Often times it can be difficult to explain how the technology isn’t working, especially when interacting with a typical hearing peer. I have discovered some tips and tricks that help make this communication more effective with peers, HI teachers, and professionals.
At times, I am the advocate and the bridge between the other deaf and hard of hearing students in my school and the staff. This is because I have learned over time what works best for me, and what doesn’t.
If the FM system is not working properly and it needs to be sent in for a period of time to be repaired, help the student think of things they can do in the classroom to ensure that they are hearing as best as possible. Make sure that the teachers understand exactly what it means for the student to be without the FM system. It’s okay if you don’t know what’s wrong with the technology. Just reassure the student that you will look into it and do everything you can to help.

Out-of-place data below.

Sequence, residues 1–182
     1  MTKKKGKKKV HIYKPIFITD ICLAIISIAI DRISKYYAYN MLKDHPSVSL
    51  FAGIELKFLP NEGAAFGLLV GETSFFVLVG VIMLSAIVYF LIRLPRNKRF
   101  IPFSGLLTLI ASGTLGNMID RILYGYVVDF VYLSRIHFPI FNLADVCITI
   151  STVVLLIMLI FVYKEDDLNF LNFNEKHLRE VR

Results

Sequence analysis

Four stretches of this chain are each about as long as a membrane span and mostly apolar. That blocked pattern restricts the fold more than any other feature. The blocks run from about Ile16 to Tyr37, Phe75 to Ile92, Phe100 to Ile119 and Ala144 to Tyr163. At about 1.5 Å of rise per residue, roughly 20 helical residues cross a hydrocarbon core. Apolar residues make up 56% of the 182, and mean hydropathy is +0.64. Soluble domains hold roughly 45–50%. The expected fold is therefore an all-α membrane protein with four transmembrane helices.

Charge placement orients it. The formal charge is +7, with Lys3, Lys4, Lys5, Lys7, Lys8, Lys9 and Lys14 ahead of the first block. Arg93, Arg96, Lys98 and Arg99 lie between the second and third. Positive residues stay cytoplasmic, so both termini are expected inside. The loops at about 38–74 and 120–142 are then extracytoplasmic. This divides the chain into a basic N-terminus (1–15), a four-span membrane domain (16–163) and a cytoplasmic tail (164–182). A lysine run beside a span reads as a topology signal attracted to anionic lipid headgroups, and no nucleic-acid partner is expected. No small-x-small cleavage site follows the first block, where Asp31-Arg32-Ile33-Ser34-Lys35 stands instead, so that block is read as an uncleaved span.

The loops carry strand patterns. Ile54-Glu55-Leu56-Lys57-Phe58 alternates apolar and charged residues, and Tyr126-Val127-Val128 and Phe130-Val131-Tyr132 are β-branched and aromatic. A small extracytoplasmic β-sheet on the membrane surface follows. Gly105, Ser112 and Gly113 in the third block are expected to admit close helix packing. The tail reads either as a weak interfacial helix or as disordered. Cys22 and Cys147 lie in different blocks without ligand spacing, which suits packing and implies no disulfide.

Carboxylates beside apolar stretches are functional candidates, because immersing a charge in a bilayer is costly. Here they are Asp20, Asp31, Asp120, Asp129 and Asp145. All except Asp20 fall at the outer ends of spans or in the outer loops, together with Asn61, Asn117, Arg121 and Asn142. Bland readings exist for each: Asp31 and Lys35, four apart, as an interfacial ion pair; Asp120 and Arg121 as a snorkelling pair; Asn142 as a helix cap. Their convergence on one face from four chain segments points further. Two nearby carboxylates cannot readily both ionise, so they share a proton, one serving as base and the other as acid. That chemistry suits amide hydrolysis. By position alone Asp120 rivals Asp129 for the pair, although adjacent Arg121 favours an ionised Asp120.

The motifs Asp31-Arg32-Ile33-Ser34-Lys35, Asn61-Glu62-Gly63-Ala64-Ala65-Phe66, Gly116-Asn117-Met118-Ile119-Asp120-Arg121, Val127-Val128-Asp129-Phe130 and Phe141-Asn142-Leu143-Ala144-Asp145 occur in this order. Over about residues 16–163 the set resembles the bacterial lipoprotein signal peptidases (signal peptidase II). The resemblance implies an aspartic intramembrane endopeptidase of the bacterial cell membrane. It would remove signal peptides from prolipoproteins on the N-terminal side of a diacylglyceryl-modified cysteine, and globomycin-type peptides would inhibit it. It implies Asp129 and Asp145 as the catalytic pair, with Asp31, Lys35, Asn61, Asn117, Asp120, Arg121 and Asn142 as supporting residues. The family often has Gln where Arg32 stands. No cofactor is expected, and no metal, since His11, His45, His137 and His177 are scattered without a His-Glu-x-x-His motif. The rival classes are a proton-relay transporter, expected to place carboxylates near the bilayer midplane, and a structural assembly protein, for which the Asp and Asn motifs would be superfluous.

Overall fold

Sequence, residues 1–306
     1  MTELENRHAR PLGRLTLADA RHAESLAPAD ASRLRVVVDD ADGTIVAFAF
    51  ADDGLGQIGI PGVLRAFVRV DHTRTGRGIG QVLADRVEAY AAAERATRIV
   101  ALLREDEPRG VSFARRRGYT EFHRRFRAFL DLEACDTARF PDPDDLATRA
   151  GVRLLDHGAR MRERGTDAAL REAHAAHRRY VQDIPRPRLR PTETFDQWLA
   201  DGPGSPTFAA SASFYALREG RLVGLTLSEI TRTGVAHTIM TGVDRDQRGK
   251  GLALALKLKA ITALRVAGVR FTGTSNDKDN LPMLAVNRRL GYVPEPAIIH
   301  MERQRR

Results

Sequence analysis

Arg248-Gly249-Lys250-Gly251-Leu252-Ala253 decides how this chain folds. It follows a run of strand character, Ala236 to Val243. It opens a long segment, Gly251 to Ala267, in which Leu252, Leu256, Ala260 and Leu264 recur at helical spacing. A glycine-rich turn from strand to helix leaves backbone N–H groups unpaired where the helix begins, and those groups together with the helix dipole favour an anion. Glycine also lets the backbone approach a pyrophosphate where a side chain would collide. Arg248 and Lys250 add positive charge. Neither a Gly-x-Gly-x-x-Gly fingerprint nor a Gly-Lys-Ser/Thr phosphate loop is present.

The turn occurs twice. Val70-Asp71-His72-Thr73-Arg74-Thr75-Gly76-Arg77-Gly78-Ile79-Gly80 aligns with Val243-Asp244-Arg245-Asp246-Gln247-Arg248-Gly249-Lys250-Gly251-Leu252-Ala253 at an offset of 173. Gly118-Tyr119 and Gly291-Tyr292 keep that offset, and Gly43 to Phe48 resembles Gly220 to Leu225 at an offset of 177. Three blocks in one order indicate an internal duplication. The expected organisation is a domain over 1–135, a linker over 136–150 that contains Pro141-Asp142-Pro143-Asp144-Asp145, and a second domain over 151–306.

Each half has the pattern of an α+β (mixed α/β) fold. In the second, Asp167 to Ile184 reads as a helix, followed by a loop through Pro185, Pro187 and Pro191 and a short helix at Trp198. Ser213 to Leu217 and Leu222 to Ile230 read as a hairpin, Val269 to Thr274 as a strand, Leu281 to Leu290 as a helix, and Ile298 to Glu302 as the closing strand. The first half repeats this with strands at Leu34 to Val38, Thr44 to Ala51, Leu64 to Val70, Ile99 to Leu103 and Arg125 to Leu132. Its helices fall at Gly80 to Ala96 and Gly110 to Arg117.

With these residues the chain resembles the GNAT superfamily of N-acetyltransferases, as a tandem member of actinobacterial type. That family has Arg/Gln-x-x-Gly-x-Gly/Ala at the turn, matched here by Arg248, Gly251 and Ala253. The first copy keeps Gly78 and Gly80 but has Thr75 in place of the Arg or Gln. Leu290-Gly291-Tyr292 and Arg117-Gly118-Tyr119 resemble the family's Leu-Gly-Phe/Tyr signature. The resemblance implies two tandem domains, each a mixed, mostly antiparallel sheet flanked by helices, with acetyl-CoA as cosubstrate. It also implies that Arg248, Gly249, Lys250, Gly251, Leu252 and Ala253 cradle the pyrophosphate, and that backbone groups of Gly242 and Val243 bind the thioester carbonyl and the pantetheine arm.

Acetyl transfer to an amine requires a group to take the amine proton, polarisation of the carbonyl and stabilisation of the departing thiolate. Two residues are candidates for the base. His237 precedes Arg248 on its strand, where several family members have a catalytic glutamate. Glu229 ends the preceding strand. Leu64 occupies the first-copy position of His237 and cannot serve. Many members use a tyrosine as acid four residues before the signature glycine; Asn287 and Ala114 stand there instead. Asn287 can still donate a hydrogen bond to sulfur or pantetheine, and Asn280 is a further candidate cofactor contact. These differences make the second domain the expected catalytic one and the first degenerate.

Different ages may need more help from you. If a student is new to the technology and is still learning how to use it and what the sounds are, when troubleshooting you may need to guide the conversation. Ask more questions about what they are hearing and give examples. Remind the student that there is no wrong answer. After all, the student is the only one who knows what they are hearing.
Once the students are older and more familiar with the technology, give them a chance to explain for themselves what is happening. At this point, the constant interruption or assumptions of “This is what you must be hearing” might not be very helpful. This is not an extremely effective method of communication while troubleshooting.
It’s also important to recognize and acknowledge that there may be some instances where the issues aren’t due to a faulty system, but rather the limitations of that FM system. One example is not being able to hear peers when the teacher is wearing the FM system. This microphone is directly on the teacher and does not have the ability to pick up sound from classmates too.
These are tips I have learned throughout all my years in school, I hope that the teenager perspective on this topic will benefit you as an educator!
What strategies do you use?